Until now, most diving has featured live-aboard diving. And by all means, the diving will be quite amazing, and certainly rewarding. Since 2003, a new operation based on Santa Cruz Island was launched, as the greatest addition to the scuba diving options available. Finch Bay Hotel offers the best accommodations available, white-coral beach access (the only hotel in Santa Cruz Island right at the beach), multisport activities, air conditioned rooms, and outstanding service. Island cuisine with local and international flavors will add pleasure to anyone’s stay.
What is like to Scuba Dive in the Galápagos Islands?
Weather and seasons
Although the islands are tropical, there are two markedly different seasons : the warm, humid and sunny season from December to May and the dry, windy and not-so-sunny season from June to November. Transitional months are January, April and May. The Warm Season offers hardly any wind (so the sea is usually very calm) and the visibility tends to be better. In the Dry Season there is more wind, sometimes the sea tends to be choppy and the visibility lower.
Surprisingly, water temperatures range from 16°C to 27°C degrees Celsius (61°F – 80°F); we use full wet (6mm) suits all year around and hoods in the cold season. Regardless of the season, a thermocline is commonly found below 12-15 meters (37-45 feet).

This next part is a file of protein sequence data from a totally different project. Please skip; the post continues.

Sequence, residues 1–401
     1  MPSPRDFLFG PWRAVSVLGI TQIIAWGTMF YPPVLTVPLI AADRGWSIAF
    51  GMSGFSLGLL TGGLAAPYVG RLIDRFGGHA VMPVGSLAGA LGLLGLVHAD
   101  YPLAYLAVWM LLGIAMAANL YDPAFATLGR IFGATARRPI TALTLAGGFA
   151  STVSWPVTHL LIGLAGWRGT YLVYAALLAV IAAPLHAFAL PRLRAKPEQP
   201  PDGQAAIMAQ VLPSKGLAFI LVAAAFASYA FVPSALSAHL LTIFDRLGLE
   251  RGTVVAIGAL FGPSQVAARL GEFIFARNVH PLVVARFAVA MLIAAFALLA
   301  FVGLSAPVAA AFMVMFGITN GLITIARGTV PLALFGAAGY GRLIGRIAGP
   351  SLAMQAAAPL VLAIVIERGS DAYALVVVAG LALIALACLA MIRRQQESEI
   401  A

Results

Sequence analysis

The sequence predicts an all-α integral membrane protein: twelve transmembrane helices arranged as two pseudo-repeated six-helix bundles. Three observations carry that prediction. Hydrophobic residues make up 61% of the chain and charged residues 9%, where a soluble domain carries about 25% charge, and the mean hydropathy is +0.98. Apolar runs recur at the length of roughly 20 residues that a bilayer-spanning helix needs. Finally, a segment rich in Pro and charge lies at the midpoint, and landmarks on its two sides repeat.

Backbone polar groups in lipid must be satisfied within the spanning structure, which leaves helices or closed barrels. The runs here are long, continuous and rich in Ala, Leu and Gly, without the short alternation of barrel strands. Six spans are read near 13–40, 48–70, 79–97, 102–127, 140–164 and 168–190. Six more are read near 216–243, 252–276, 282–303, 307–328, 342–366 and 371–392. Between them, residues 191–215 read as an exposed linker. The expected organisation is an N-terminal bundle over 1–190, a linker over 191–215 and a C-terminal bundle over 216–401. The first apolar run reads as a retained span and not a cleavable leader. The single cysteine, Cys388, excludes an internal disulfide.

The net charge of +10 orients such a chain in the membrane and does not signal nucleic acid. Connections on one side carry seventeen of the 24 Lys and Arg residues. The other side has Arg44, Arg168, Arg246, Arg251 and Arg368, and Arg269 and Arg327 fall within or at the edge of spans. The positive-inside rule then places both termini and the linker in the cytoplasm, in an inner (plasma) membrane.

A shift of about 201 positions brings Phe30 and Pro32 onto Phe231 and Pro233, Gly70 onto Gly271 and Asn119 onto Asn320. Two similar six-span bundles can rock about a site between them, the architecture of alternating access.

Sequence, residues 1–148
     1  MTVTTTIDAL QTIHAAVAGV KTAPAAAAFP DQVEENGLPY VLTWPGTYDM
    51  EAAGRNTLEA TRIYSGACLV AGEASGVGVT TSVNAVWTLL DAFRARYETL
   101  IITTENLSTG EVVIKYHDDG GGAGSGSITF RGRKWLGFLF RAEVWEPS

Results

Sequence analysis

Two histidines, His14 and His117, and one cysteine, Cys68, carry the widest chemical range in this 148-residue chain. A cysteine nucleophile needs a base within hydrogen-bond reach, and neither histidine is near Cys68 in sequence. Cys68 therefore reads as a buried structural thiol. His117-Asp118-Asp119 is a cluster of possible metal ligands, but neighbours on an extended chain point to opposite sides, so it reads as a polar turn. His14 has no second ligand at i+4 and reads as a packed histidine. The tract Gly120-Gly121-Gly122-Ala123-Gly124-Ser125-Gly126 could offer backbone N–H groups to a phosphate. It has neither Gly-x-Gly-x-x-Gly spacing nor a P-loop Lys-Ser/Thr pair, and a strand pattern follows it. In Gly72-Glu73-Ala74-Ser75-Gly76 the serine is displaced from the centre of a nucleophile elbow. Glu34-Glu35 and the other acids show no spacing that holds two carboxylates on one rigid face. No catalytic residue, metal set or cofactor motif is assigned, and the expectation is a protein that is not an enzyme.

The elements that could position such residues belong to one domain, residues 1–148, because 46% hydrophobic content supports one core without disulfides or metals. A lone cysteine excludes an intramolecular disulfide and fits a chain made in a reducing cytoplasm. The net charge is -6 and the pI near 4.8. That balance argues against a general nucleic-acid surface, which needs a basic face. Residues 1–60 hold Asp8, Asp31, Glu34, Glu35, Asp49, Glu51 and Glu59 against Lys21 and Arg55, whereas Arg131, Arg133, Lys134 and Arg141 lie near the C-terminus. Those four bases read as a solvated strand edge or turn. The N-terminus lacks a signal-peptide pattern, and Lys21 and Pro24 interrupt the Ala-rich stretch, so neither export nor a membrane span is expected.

In general, visibility ranges from 5 to 25 meters (16 to 82 feet), but most of the time it is restricted to between 12 and 18m. A large submarine current (Equatorial Undercurrent) coming from the West Pacific hits the largest island of the archipelago (Isabela Island) and is deflected upward reaching the surface, bringing up the cold and nutrient rich water; this can change the water temperature by as much as 6 degrees Celsius, and change the visibility in a matter of one or two days. It is this unique feature, however, that brings such unpredictable marine life.
Experience for Galápagos Diving
• Beginners: Newly certified divers or divers with few dives logged (3 to 15 dives).
• Intermediate: 15 to 50 dives logged with experience in cold water and with drift and wall diving.
• Advanced: 100 dives or more logged with experience in cold water and with drift and wall diving.
Detailed description of dive experience is always necessary to confirm a dive program, because a diver with 10 dives in cold water and currents may feel a lot more comfortable than a diver with 40 logged dives in warm water and little current - also a newly certified diver may feel more comfortable than a diver with 50 logged dives but who has not been diving for 6 years.